Posted by Tony Hall
Follow that body
Leedmees can be compared in many ways to the classic puzzle game Lemmings. Your objective is to transport miniature beings from an entrance on one side of the map to an exit on the other. While Lemmings relied on clever positioning of ladders and digging in appropriate places, Leedmees is discernibly more unique: it grabs the gameplay mechanics of a strategic puzzle game like Lemmings and throws them into the modern motion gaming era.
Leedmees’ gameplay is very simple, though that is not to say it is easy. While it is truly a jump-in-and-play title that anyone can have a go with, later levels require a great deal of precision, timing and speed. The controls are intuitive as you simply move your body which the onscreen silhouette copies. The Leedmees walk in a straight line, oblivious to their surroundings, so you are in charge of their safety. The objective is to get the Leedmees from their blue entrance teleporter onto your arms. Then comes the hard part – just bend, crouch and rotate your body and arms around, under, and over various in-game obstacles to reach the red exit. As the game progressed we started to learn that speed and precision were key. Movements had to be snappy and fast but exact or you risk dropping Leedmees. We never found this learning process frustrating, though, and it was also interesting to experiment with different ideas.
Later stages introduce interesting environmental dangers that require more strategy. These puzzle mechanics are responsive and create a more engaging and interesting environment. For instance, spears are timed to drop down from the ceiling or poke up from the ground every few seconds to try to catch one of your Leedmees. There are also springs that you have to press up or down to allow the Leedmees to pass. They feel and respond as you would expect and flex accurately to the speed of your hand’s movement. The difficulty is balancing all Leedmees on one arm, while they are moving closer to the edge, as you press in the spring with the other hand. Simple? Not really. Fun? We'd say so.
The addition of stars adds a bit of depth to this simple gameplay formula. Each level has five stars on it for you to collect by directing your Leedmees to them, and nabbing them increases your level ranking. If you save all of the Leedmees in a level and collect all five stars, you’ll achieve an ‘S’ ranking. This adds a great deal of replayability to the game. We found it hard to get an ‘S’ ranking the first time round on most of the levels. You have to understand the layout of the levels well and figure out exactly how to precisely reposition your body to ensure you don’t drop Leedmees or accidentally impale any (we mercilessly lost countless Leedmees!).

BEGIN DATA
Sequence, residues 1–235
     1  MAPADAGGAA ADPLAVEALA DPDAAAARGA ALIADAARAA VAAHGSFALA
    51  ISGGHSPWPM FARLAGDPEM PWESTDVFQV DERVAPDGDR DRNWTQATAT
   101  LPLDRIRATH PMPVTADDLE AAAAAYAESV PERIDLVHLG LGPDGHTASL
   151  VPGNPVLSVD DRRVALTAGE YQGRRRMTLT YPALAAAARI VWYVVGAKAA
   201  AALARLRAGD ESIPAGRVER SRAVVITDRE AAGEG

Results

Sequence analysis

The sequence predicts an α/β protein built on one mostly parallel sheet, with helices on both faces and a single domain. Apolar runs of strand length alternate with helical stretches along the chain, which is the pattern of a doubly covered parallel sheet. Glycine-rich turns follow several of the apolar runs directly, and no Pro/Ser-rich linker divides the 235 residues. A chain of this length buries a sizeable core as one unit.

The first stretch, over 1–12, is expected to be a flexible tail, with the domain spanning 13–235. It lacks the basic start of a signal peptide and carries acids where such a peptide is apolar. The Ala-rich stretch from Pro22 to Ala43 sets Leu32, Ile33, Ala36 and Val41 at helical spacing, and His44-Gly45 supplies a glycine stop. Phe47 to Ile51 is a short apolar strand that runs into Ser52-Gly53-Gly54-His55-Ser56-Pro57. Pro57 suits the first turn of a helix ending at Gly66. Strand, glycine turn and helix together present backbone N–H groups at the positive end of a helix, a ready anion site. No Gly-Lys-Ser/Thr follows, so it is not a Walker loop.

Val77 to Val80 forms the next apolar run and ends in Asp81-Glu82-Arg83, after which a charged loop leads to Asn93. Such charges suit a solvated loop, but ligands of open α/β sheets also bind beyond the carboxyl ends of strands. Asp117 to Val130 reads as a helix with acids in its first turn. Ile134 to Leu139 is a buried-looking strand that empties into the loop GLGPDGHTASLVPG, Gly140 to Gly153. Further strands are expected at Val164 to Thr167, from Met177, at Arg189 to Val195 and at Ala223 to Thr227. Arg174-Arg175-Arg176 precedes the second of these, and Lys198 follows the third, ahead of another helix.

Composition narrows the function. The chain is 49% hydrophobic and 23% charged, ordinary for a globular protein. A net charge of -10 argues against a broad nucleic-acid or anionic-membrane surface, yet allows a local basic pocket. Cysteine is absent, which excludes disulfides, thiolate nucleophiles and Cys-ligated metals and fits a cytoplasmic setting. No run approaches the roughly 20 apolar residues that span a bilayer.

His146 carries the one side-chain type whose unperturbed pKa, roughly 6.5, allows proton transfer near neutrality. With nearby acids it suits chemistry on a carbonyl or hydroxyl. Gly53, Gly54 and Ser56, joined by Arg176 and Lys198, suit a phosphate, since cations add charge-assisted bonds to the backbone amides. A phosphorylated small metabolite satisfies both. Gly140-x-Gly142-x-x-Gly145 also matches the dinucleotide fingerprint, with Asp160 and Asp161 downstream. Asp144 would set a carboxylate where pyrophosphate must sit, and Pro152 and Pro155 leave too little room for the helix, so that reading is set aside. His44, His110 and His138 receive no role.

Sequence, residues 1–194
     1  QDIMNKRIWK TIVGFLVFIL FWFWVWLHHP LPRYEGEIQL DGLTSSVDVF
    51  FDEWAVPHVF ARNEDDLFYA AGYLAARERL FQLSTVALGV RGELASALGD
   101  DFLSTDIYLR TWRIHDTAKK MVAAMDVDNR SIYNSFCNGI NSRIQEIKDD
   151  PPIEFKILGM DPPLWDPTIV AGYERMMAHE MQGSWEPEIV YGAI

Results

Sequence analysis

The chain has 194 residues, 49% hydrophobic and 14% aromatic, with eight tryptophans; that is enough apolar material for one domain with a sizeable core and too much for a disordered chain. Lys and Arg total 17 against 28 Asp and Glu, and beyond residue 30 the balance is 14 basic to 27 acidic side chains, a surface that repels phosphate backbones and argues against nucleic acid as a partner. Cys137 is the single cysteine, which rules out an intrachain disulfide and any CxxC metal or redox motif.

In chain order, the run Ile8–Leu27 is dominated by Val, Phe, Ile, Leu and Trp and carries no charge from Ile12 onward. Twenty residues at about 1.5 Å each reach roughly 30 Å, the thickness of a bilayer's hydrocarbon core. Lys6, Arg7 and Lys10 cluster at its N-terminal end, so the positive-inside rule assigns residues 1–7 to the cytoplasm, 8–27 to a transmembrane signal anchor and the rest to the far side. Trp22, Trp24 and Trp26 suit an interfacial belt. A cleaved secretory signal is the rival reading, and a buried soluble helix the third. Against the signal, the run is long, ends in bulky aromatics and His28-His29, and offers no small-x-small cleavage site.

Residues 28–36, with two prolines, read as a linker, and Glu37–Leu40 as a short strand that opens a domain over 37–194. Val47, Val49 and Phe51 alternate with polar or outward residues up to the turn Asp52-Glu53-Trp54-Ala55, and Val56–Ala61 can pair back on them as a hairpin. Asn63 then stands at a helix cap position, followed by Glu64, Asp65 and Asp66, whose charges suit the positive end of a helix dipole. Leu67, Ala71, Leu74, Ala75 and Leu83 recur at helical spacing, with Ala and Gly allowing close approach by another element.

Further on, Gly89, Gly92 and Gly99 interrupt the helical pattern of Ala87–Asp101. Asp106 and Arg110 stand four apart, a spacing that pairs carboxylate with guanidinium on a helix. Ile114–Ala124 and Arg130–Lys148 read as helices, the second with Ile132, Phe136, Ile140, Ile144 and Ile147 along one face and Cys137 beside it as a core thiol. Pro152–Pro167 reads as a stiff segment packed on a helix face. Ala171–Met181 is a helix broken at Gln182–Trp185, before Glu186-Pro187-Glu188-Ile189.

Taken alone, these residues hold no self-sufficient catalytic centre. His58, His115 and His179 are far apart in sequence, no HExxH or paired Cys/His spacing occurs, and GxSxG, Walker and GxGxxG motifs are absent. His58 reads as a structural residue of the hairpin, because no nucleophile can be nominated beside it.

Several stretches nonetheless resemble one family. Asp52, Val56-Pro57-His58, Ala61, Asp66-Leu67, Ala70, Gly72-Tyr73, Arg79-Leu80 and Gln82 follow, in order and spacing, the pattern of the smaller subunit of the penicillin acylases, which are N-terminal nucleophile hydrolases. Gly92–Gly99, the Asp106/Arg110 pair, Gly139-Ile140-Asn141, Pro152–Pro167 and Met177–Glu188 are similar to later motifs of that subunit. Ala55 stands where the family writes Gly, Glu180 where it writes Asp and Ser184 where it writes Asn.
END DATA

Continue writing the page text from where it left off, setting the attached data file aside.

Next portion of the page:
The single-player portion of the game is made up of three different worlds, each with at least ten levels. This can be finished in several hours, but replaying through each level to try to get an ‘S’ ranking gives the game added playtime. The multiplayer component features three worlds with four levels. Each player has their own silhouette and the levels are decidedly more complex. This mode requires planning, communication, and teamwork; we found it a blast to play. We found that accidental poking and prodding of your team member was a regular occurrence, but it was worth it.
The story of Leedmees is fairly straightforward, and largely absent from the game. The short starting cutscene sets the atmosphere of the game’s environments well, though. You are dropped into a mysterious world, alone, with no knowledge of how you arrived. Your body is distorted into the shape of a tall stick-man. You feel compelled to help these little beings around you, they seem drawn to you. The cutscenes and the environments are simple dark paintings. There’s a haunting but loveable quality to both the beings and the graphics. Likewise the soundtrack of the game is evocative, mysterious and full of wonder.
Though we had a lot of fun playing Leedmees, there are various issues we found with the game. Its shortness may annoy some folks as it can be finished in a night (your body would hurt the next day, but it can be done!) We also found that sometimes the on-screen silhouette would not respond to our actions in sections that required you to crouch very low or reach high up with your hand. This was most likely due to the room we had to play with as we were positioned about 7 feet from the Kinect camera. We suspect if you had more space this issue would not arise. Still, we always found a way to work around the problem and get our ‘S’ ranking regardless.
Leedmees is an energetic and strategic game once you get the hang of it. You’ll be speedily moving your arms and entire body around trying to pivot and balance your little friends towards the exit. It is the sort of serious arcade puzzle game that Kinect needs.